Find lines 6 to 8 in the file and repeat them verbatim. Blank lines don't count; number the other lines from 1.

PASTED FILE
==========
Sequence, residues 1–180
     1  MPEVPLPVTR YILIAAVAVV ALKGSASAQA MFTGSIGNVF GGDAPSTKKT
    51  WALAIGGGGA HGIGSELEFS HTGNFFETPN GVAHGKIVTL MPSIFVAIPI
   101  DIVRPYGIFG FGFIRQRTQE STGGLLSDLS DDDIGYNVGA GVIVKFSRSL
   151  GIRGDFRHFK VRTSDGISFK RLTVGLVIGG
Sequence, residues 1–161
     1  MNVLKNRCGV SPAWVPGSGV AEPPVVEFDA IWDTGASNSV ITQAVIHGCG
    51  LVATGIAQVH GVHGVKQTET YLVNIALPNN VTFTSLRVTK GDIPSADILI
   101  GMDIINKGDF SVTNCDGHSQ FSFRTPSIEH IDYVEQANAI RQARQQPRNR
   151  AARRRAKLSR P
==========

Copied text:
Sequence, residues 1–161
     1  MNVLKNRCGV SPAWVPGSGV AEPPVVEFDA IWDTGASNSV ITQAVIHGCG
    51  LVATGIAQVH GVHGVKQTET YLVNIALPNN VTFTSLRVTK GDIPSADILI